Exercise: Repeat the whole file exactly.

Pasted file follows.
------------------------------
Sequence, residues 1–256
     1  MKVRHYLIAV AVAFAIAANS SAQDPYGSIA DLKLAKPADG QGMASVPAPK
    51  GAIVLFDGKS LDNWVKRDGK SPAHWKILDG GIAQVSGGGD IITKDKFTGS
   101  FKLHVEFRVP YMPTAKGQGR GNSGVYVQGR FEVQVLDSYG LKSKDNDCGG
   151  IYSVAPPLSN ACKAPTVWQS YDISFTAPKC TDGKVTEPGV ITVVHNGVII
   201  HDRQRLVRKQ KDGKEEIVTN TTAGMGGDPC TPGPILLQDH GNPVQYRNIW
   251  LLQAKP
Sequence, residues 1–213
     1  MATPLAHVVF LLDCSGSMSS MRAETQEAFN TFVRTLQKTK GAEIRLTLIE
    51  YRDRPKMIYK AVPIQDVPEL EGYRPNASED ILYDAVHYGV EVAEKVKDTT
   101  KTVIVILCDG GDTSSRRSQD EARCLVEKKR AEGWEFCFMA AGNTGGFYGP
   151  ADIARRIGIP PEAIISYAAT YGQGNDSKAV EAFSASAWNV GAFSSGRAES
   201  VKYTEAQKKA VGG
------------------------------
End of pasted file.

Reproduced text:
Sequence, residues 1–256
     1  MKVRHYLIAV AVAFAIAANS SAQDPYGSIA DLKLAKPADG QGMASVPAPK
    51  GAIVLFDGKS LDNWVKRDGK SPAHWKILDG GIAQVSGGGD IITKDKFTGS
   101  FKLHVEFRVP YMPTAKGQGR GNSGVYVQGR FEVQVLDSYG LKSKDNDCGG
   151  IYSVAPPLSN ACKAPTVWQS YDISFTAPKC TDGKVTEPGV ITVVHNGVII
   201  HDRQRLVRKQ KDGKEEIVTN TTAGMGGDPC TPGPILLQDH GNPVQYRNIW
   251  LLQAKP
Sequence, residues 1–213
     1  MATPLAHVVF LLDCSGSMSS MRAETQEAFN TFVRTLQKTK GAEIRLTLIE
    51  YRDRPKMIYK AVPIQDVPEL EGYRPNASED ILYDAVHYGV EVAEKVKDTT
   101  KTVIVILCDG GDTSSRRSQD EARCLVEKKR AEGWEFCFMA AGNTGGFYGP
   151  ADIARRIGIP PEAIISYAAT YGQGNDSKAV EAFSASAWNV GAFSSGRAES
   201  VKYTEAQKKA VGG